child and pet

Pets can help children develop a sense of responsibility and boost self-confidence.

Pets have a remarkable impact on expat children. Apart from acting as a great distraction to the stress of moving country, studies show that pets can play an important role in building self-esteem, fulfilling a therapeutic role and boosting children’s physical health.

Building self-esteem

As children learn to take care of their pet, they develop a sense of responsibility which also boosts self-confidence.

An animal companion is also a surprising “social facilitator” in the sense that they can help children to make new friends – something that may be a real challenge for kids moving abroad. Pets can act as a bridge between their little owners, as it is easier for children to approach and interact with one another; they make great “icebreakers”.  Also, animals are great conversation starters, especially as pets are often a common interest amongst children.

Pets are the best listeners

Unlike people, pets always accept us for who we are. As a result, pets can fill the role of ‘listener’ and comforter when a child feels unhappy or lonely; they can lower feelings of anxiety and reduce boredom. Research tells that when feeling down, children are more likely to turn to their pet to confide in rather than a brother, sister or peer. In certain situations a child will rely heavily on their nonjudgmental animal companion, for example, if their parents are going through a divorce.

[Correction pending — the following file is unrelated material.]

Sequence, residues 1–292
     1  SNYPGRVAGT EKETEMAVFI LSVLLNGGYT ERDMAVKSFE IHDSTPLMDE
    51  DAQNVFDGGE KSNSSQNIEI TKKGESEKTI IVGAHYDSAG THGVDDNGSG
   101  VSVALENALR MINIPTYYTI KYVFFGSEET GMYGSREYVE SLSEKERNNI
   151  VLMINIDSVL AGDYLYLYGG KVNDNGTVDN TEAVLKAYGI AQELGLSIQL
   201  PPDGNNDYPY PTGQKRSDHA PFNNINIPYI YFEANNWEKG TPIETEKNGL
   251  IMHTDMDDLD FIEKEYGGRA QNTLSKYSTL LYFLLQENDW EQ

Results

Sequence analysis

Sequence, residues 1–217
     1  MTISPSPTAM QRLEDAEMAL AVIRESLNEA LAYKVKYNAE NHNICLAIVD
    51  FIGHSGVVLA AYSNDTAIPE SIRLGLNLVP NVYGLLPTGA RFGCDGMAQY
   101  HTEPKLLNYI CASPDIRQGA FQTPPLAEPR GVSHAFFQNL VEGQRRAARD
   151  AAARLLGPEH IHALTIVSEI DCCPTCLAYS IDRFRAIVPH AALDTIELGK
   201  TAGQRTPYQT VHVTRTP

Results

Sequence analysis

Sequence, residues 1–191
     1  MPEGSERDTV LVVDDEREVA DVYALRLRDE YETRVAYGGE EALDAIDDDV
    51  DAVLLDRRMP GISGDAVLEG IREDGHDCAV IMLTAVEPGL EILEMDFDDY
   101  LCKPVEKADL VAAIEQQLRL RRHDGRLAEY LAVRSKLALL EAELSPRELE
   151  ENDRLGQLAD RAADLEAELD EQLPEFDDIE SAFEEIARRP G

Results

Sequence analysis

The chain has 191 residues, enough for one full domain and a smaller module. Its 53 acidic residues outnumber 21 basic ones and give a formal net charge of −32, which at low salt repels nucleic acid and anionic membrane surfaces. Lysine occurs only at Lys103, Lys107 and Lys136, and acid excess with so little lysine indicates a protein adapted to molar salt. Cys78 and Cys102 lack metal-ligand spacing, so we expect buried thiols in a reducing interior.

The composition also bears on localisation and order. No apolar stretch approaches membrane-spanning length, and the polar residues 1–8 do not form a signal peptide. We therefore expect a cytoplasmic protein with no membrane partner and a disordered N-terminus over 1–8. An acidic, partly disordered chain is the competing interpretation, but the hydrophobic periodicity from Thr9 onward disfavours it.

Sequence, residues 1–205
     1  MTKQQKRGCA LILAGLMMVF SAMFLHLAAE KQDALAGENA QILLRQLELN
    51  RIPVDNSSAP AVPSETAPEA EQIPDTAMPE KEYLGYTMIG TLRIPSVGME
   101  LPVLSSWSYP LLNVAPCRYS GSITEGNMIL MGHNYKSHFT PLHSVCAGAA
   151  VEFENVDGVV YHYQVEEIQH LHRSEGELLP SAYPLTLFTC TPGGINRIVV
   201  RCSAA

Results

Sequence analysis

Getting active

Pets are not only good for children when it comes to their emotional and social well-being, but they can also play a role in their physical health. It turns out that children who grow up with pets are less likely to develop common allergies and infections, as they are exposed to certain bacteria at an early age (e.g. by being licked by a dog or rolling in the grass). Animals also encourage children to get active, whether it be running, walking or simply just getting some fresh air. This lessens the pressure on you as a parent to try and force your children to pry their eyes away from the television screen.

If you are moving country, it is worth bearing in mind how much a four (or two-legged) companion can help the settling in process.